You can do tricks with Coreopsis. That was one of many revelations during my 2014 season at the City of Coquitlam. Working under city gardener Tracey Mallinson was a rewarding experience, even though I had to face my fears many times.
Horsetail (Equisetum) is a living fossil. It’s the only living genus in Equisetaceae, a family of vascular plants that reproduced by spores rather than seeds.
Its leaves are reduced and usually non-photosynthetic; and formed into whorls fused into nodal sheaths.
Stems are green and photosynthetic, hollow, jointed and ridged. You will know this well if you ever had the pleasure of weeding this plant. It’s a nasty chore. Success is elusive. Years ago, before municipalities banned chemicals, the prominent landscape company I worked for would use unbelievable cocktails to fight this plant.
Enter Coreopsis. Tickseed can be an annual or perennial. Its sunny, summer blooming daisy-like flowers are popular with gardeners. They also attract butterflies. If you deadhead the flowers you will get more blooms.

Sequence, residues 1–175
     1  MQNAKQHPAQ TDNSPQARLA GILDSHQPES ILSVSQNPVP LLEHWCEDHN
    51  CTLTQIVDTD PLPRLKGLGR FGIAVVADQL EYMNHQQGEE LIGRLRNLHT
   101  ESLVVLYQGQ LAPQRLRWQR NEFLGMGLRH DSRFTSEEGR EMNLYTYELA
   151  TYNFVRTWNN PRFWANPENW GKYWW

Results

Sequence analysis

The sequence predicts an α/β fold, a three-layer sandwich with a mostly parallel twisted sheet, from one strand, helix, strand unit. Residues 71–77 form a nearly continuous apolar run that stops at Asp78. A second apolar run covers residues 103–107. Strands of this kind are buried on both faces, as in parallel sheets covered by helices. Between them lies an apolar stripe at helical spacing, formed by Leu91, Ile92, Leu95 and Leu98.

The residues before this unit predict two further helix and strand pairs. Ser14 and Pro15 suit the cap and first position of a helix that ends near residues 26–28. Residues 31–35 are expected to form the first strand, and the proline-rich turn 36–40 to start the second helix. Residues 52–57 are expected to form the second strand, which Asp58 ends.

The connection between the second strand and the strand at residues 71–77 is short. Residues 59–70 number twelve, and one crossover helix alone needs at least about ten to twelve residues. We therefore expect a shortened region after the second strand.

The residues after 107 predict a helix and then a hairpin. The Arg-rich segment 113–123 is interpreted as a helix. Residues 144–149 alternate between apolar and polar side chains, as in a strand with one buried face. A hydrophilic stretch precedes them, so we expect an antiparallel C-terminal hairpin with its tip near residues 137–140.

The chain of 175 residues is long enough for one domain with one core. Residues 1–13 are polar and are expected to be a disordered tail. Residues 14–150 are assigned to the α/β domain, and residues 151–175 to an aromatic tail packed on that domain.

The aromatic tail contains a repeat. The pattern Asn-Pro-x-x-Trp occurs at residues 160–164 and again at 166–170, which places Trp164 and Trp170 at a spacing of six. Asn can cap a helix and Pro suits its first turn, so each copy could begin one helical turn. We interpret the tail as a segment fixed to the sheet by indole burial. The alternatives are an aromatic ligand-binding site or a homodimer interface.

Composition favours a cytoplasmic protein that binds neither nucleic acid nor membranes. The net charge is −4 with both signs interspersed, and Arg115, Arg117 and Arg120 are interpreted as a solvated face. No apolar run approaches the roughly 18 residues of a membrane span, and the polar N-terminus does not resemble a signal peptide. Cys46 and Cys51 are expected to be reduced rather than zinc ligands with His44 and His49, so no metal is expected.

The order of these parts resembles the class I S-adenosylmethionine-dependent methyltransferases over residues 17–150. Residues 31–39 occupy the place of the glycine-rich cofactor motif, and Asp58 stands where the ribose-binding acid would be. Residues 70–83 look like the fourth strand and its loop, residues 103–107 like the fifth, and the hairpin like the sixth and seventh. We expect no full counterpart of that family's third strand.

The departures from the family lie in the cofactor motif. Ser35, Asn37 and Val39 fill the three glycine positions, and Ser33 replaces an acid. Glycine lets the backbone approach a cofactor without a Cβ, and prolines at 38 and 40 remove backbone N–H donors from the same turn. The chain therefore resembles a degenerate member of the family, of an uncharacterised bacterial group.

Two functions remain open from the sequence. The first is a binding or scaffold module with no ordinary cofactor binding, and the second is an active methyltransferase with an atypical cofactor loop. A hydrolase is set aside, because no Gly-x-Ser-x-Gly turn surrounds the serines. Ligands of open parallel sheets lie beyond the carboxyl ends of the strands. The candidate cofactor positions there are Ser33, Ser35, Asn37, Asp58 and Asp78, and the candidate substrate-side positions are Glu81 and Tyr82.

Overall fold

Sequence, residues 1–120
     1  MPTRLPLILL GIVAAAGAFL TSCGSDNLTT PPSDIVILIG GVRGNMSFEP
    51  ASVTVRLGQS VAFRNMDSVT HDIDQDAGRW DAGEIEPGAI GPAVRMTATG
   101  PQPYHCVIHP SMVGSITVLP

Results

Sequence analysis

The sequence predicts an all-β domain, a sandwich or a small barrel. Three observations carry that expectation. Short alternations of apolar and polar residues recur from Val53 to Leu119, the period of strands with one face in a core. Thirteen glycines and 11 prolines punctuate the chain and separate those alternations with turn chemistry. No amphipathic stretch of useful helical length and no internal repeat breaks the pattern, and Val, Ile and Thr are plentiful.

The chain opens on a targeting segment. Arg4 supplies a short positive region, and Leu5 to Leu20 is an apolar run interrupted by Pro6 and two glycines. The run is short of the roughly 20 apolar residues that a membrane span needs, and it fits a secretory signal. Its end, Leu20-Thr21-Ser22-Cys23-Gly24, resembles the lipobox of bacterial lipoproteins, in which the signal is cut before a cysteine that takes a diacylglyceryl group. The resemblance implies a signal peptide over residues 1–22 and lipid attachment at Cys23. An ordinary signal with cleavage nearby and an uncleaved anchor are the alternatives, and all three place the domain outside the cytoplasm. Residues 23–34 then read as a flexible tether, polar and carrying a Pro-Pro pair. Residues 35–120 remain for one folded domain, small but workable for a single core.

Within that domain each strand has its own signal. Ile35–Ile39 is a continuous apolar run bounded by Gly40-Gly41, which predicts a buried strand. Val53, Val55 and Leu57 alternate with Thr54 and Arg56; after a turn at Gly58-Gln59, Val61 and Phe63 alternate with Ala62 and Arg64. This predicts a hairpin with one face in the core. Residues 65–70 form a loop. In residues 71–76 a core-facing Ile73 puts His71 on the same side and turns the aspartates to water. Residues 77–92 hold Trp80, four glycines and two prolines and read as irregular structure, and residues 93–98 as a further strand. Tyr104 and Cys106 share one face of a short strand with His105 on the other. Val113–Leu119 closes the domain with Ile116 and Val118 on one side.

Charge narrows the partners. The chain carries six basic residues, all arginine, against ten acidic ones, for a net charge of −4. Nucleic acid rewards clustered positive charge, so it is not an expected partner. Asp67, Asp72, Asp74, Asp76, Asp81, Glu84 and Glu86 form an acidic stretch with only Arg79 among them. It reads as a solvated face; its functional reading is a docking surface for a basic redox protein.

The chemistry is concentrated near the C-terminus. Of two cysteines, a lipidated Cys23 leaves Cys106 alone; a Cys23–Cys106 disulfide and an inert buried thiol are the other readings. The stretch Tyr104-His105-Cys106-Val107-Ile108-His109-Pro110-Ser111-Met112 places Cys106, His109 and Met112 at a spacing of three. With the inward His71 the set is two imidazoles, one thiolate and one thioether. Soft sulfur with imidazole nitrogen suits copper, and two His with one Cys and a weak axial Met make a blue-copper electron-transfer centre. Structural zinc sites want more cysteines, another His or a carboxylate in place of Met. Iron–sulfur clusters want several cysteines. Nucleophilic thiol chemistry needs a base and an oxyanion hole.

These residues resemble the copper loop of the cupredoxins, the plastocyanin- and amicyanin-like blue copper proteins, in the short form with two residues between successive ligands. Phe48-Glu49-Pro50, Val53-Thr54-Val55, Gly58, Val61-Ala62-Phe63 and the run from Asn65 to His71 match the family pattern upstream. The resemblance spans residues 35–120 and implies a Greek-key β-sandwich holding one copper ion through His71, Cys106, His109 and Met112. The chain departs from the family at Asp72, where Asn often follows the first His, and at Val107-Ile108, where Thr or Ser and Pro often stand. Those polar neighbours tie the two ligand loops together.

Here is the brilliant trick. Look closely at both plants and note how similar their green foliage is. So instead of fighting a nasty battle with weedy horsetails, why not mix in Coreopsis? People will be distracted from weedy horsetails. They will notice the bright yellow flowers. Because horsetail leaves are reduced they blend in nicely.
I thought this was a brilliant trick. Growing nice yellow flowers, attracting butterflies and hiding horsetails. No need to weed almost weekly.
Are you ready to see an example? The bed below is located next to a playground on a high-profile corner. You have to get up close to see the horsetail.
Next time you find a corner full of horsetails, don’t fight them. Plant Coreopsis and save yourself hours of weeding. You might even attract butterflies. Share this trick.